What Training Is Necessary for a Career in Construction?

The field of construction is filled with career opportunities. Here, you'll find information about a few job options within the construction industry, from construction management to painting, along with the training required for each job. Schools offering Construction Management degrees can also be found in these popular choices.

Construction Careers Overview

A successful construction site requires the skills and cooperation of many different types of craftspeople, specialty workers, and technicians. Electricians must often work in tandem with insulation and drywall installers, for example. Likewise, heavy equipment operators, boilermakers and plumbers must always ensure that their work meets the standards of their job site's construction inspector. No matter what your specific interests and career goals within this field may be, construction work can provide you with rewarding challenges as well as opportunities to advance.

Important Facts About Careers in Construction

Median Annual Salary (2015) $41,380 across all specializations; this value comes from a range of $30,190 (median yearly pay for general laborers and helpers) to $78,620 (median yearly pay for elevator installation technicians).
Key Skills Physical labor such as lifting and climbing is often required, as is a good sense for both structural and mechanical details. Mathematical, customer service, and other specialty skills may also come into play depending on one's role at a job site.
Job Outlook (2014-2024) Employment opportunities are expected to grow by 10% overall within this field.
Work Environment Being outdoors and working in poor-weather conditions is a common part of working at active construction sites. Workers must also be diligent in following proper safety protocols so that work-related hazards are minimized.

Sources: U.S. Bureau of Labor Statistics, O*NET


Carpenters build, install, erect, and repair structures made from wood, plastic, drywall, or fiberglass. According to the U.S. Bureau of Labor Statistics (BLS, www.bls.gov), employers prefer to hire carpenters with three to four years of apprenticeship experience. In the apprenticeship program, carpenters learn about blueprint reading, structural design, first-aid safety, operating carpentry tools and machinery, math, and freehand sketching.

Construction Laborers

Construction laborers work on construction and demolition sites doing a variety of tasks, such as cleaning machinery, setting up construction areas, and erecting structures. Construction laborers usually assist other construction workers, like operating engineers, craft workers, and carpenters. Laborers also operate a wide selection of construction machinery.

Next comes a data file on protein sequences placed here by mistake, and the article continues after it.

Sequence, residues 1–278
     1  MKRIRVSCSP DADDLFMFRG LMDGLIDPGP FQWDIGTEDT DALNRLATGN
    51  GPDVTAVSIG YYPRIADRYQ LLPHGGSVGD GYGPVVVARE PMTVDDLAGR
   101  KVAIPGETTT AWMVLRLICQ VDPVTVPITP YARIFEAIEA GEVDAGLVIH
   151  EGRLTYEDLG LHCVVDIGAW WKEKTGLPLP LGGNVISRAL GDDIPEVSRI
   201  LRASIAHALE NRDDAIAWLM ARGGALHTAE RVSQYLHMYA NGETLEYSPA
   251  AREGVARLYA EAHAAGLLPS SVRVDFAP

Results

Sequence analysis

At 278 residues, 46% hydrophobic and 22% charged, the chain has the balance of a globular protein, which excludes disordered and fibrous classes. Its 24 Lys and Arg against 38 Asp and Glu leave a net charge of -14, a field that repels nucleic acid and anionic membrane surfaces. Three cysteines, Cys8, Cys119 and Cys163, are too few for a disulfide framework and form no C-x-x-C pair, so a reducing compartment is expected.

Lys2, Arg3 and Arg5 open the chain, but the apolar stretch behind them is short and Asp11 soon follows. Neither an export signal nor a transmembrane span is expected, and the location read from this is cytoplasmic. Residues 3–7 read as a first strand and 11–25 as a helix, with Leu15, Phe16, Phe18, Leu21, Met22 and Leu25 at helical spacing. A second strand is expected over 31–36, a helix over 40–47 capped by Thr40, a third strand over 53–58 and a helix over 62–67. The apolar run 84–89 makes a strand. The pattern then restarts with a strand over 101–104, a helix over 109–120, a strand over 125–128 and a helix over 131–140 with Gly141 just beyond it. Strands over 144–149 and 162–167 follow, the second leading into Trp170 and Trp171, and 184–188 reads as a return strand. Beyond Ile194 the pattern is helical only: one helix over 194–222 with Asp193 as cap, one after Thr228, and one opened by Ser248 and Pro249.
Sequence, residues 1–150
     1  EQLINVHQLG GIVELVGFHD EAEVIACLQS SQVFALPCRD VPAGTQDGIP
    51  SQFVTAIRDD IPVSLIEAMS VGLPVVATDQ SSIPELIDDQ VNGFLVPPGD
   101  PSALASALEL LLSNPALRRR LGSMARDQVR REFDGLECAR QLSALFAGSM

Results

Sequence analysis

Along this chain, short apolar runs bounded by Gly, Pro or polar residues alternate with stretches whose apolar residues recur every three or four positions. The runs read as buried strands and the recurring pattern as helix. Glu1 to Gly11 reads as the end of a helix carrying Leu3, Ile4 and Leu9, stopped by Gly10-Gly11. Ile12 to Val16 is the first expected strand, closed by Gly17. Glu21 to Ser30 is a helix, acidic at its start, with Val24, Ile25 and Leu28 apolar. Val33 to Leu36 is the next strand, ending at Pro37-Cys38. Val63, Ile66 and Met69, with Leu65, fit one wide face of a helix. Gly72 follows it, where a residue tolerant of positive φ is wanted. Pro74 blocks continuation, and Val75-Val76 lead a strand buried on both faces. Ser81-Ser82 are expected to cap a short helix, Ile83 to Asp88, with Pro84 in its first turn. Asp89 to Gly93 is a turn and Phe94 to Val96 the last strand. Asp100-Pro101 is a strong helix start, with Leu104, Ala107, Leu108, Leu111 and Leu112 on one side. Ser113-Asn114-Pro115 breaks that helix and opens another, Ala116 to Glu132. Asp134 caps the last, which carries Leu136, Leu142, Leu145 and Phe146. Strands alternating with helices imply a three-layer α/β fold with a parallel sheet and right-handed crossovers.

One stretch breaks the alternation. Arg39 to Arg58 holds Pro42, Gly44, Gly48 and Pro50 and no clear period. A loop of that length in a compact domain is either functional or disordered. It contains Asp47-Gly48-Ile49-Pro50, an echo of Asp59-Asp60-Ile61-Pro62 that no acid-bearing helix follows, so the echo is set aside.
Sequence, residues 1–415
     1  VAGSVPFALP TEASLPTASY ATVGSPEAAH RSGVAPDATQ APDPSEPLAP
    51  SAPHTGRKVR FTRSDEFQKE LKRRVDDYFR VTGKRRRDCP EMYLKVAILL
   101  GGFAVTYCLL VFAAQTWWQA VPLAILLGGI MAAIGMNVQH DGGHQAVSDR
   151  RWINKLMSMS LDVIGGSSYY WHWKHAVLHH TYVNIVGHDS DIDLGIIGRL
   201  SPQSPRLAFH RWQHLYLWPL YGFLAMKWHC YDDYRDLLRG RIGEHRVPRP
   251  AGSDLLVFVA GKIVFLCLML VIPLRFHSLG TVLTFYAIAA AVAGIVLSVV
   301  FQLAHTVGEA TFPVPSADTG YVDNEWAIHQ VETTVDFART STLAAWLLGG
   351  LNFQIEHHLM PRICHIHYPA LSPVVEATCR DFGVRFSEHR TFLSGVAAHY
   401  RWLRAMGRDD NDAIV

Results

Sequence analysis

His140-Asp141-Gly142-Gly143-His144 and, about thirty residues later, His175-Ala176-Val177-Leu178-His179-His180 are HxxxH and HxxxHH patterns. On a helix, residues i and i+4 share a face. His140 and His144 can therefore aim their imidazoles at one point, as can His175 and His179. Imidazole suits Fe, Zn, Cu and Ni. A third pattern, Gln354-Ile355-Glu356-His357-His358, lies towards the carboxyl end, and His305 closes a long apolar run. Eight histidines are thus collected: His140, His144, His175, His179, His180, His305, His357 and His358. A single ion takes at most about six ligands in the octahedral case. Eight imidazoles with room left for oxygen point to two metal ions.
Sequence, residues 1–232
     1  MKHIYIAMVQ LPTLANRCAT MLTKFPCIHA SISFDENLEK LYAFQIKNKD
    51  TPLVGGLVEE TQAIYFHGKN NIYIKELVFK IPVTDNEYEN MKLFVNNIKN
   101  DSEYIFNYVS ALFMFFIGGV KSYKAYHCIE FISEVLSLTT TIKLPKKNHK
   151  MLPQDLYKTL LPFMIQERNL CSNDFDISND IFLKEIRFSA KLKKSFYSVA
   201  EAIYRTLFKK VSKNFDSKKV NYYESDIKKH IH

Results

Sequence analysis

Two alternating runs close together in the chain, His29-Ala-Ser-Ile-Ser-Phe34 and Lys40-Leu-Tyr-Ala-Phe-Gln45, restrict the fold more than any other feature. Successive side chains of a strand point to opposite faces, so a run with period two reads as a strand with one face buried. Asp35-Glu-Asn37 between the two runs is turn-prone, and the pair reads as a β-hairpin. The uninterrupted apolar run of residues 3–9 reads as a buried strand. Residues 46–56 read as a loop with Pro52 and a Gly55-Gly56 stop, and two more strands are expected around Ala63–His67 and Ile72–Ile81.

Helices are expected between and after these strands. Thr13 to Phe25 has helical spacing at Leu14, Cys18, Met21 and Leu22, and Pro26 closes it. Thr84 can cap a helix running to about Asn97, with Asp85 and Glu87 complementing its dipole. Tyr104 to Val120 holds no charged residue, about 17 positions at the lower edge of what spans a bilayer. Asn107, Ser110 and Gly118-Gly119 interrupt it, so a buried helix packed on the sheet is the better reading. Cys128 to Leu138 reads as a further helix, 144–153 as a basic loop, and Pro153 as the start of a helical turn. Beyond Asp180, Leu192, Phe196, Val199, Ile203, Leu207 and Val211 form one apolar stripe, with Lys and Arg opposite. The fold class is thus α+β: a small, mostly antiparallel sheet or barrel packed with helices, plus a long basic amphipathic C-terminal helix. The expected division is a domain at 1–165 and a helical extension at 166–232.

Construction laborers usually learn their skills on the job, but the BLS recommends they have a high school diploma and complete an apprenticeship program. An apprenticeship program combines hands-on training and classroom instruction and takes two to four years to complete.

Cost Estimators

Cost estimators provide an estimate of the expenses involved in a construction project. They develop an estimate for businesses or managers who bid on construction projects. The BLS reports that employers prefer to hire cost estimators with bachelor's degrees in construction management, construction science, or building science. Aspiring cost estimators should have professional work experience in the construction industry or previous internship experience.


Painters paint numerous structures in order to make buildings, houses, fixtures, and structures look more appealing. Painters must know how to apply varnish, paint, and stain mixtures to the proper surfaces and use the correct brushes to do the job. These professionals often complete apprenticeship programs or learn their skills on the job.

Construction Managers

Construction project managers budget, coordinate, direct, and plan construction projects. These professionals often obtain bachelor's degrees in construction science, construction management, or civil engineering. In addition, most construction managers have prior work experience in construction labor or a closely related field.

To continue researching, browse degree options below for course curriculum, prerequisites and financial aid information. Or, learn more about the subject by reading the related articles below:

  • 1. Degree Options:
The schools in the listing below are not free and may include sponsored content but are popular choices among our users. Tuition and costs will vary across programs and locations. Be sure to always request tuition information before starting a program.

Popular Schools